Part of our day throughout the years included taking a walk or bike ride in the woods that surrounded our home. The neighbors had developed their ATV trails and we used them for walking, running, biking and skiing in the winter. We all enjoyed this setting; it was a wonderful place to call home.

Should we mow today, girl, or wait until Thursday?” the place was quiet now, activities had slowed down and the listening ear had much less demand these days. It helped to converse with her, always a knowing look coming back at me. Her look responded to my tone, and now more than ever, my visage spoke to her.

I, along with many others I’ve talked to, have concluded that dogs are a wonderful gift from God; they are a tool in His Hand to demonstrate His love and care for us.

I remember how our youngest daughter, the one who begged for a puppy, would love to trick our canine into feeling like something big was happening, either a thief was present and she needed to respond in a protective mode or a visitor had arrived and we needed her welcoming skills. She was the classic Golden Retriever – effervescently wiggling, body swaying, scrunched up a bit, and swooning with love.

The process of letting her go was extraordinarily painful. I remember our final day together. On Monday evening, we drove down to one of her favorite places. Years earlier, our friends had turned a piece of land into a place of adventure, fun and most of all hospitality and love toward anyone who visited them. This was displayed through smells from wonderful cooking and the sights; it was a hobby farm perched on the ridge along Lake Champlain, and the sounds of a horse whinnying, chickens clucking or the faithful dog barking, as someone pulled up the long drive. It felt like home, even though we all usually left before bedtime. This would be her selection, if she could tell me where on earth she would like to spend her final 24 hours, this would be the place.

That Tuesday, August 1st, would be an emotionally consuming day by the time I pillowed my head that night. I tried to contain myself throughout the day, not wanting her to pick-up any more of my emotional scent than necessary. Thankfully, we were at a place that felt comfortable and held many good memories for us. When she was a pup we’d bring her down on our 4-H fun-days; she’d follow the horses as we’d ride, or cautiously go over and look at those curious birds pecking, pecking, pecking at the ground. And the people! So many people coming and going, stopping to visit; dropping something off, picking something up, and the holidays could not be beat. It was golden retriever grand-central and fit her enthusiastic personality nicely! Now, 13 years later, she was moving slower, her white face, surrounded by her reddish-golden coat, was tired. She had become the ole girl now, like the one she’d follow around as a pup learning the pathways and routines of the ridge.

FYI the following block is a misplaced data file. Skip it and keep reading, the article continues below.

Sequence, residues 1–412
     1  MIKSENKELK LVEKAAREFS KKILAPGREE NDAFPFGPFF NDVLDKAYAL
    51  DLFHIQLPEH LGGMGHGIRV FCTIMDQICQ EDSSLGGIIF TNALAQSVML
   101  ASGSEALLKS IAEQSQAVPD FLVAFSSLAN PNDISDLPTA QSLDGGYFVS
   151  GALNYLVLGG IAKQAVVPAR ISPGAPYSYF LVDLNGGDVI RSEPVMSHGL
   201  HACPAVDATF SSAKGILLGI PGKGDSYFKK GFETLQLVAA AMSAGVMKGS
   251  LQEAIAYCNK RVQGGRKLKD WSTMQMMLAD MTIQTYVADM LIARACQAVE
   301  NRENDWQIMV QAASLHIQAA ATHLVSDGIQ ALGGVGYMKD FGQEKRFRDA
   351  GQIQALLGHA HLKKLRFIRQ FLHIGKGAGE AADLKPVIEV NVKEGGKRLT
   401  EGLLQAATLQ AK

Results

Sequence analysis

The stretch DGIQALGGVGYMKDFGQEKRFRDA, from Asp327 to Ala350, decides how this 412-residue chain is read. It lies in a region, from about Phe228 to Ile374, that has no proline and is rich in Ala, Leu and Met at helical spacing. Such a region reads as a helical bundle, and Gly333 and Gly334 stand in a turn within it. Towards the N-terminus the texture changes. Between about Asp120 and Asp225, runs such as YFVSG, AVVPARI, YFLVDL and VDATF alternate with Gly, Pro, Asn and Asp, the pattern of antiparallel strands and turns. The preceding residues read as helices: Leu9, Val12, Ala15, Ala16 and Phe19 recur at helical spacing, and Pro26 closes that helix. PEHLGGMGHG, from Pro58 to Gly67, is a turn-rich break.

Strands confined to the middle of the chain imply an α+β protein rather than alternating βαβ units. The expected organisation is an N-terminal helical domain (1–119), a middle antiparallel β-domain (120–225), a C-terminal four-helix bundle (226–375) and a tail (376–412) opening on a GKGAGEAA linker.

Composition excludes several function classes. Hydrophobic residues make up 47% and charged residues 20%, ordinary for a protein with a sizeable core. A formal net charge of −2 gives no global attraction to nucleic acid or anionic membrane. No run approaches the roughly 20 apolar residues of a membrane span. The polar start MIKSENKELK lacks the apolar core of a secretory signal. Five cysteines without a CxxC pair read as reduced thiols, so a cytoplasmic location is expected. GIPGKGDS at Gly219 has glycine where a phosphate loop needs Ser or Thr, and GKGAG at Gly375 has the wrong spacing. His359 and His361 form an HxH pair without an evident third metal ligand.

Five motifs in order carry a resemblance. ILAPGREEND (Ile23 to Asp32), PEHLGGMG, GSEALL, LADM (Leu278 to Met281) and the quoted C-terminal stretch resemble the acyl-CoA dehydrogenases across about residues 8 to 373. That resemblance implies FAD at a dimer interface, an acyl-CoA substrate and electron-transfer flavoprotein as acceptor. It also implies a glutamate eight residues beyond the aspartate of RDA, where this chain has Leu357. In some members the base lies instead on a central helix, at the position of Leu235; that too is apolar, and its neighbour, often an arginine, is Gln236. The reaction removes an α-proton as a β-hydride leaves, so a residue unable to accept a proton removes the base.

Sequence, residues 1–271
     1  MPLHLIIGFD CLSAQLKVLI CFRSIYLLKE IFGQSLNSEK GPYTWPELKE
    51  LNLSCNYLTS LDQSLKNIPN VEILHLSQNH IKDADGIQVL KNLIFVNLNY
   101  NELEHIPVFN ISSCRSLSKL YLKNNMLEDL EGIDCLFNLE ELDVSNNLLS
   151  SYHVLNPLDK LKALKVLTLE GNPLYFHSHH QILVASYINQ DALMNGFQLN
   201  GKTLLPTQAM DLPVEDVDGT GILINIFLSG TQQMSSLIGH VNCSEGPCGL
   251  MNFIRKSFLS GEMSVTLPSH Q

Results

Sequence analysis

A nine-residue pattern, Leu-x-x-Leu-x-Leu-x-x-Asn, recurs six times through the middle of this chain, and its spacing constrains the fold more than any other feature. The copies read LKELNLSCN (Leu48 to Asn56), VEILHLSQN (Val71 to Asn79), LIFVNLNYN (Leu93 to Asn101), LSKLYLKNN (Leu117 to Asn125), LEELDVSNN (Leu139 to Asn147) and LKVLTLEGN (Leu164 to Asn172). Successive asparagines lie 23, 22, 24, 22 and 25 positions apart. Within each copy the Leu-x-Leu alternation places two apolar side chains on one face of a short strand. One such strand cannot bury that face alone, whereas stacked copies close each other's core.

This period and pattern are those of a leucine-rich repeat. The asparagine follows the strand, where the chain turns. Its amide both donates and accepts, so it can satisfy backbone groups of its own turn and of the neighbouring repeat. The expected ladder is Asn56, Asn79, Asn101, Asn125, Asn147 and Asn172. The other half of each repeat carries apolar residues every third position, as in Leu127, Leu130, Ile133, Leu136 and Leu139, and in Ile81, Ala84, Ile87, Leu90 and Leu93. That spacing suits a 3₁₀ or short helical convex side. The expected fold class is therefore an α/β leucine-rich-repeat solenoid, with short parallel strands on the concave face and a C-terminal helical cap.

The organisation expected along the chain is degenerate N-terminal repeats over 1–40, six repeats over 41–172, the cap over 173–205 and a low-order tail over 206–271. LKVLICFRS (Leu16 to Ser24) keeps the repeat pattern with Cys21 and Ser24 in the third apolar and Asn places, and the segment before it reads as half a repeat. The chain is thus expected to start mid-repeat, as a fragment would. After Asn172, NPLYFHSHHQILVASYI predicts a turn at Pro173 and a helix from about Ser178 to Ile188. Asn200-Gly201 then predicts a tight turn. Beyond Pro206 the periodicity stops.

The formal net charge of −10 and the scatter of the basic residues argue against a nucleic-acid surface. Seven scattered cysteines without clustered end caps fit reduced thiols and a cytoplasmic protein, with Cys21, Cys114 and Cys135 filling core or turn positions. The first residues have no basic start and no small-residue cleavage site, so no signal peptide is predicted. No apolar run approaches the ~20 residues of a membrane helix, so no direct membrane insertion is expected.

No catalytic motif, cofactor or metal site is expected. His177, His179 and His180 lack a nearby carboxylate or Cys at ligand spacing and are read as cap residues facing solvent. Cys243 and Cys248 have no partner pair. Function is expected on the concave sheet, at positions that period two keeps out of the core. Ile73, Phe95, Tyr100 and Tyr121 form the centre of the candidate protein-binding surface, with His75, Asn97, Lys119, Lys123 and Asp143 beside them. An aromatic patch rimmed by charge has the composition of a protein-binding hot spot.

As the afternoon sun grew warm and I looked at her lying in the thick green grass, it was bitter-sweet. So many memories tumbled through my heart. I needed to focus upon the good ones, if I did not, if I thought too much about all that had brought us to this day; I would not make it through. The relief of having sold the house 20 days earlier was good, but the strain of moving and now losing her was weighing upon me; so much loss, grief and pain, the temptation toward bitterness was great. The conversation earlier that morning loaded additional shame and blame upon me for doing what I thought was best for her. I was left to decide, the weight of the decision was heavy. And I was only halfway2017-07-21 002 through this day. Like a mother trying to present a peaceful front to an unknowing child, I got up from the porch rocker and went to her, “Come on girl, let’s take a walk”. She got up with a bit of a grunt and gave me that look indicating it was worth it; just being together was worth it.

As I drove her to my veterinarian’s place for an after-hours appointment, I cried. I called a friend while driving and crying, who had recently euthanized their dog. He encouraged me that it was the best thing to do. That helped some; I needed some encouragement in this dark hour.

I was to face one more major hurdle before I spoke her name to her one last time. My friend, the vet, had a young assistant who wanted to intervene, offering to take my girl, obviating the appointment. She meant well but I could not consent. I alone knew my already desperate attempts to place her with someone; her inability to thrive in a new family, not eating, nor engaging with life around her. I had spent the past 3 weeks trying to leave her with different people only to find that she was shutting down and would not stay without enduring major stress. I was so distraught and desperate, I considered it, but when I asked if she had other dogs and learned she had 4 already, this was my relief sign from God that it was not an option. So we continued on.

I let her out of the van to sniff around one last time. I could tell she was reading me well. She got out and looked at me, wondering… was I leaving her there?, what was happening? I called her back to the van, her place of comfort, her place of belonging, with me. She laid down. With me beside her, petting her, the injections were given, she was gone.

2014 025Postscript:
Our dear friends, Ed & Lisa and their children–also gifts from God to me, had provided and prepared a burial place; I drove there, nearby, sullen, sad, crying, broken-hearted. Yet I knew it was best. Our dear ole girl was resting safe, no more worries for her.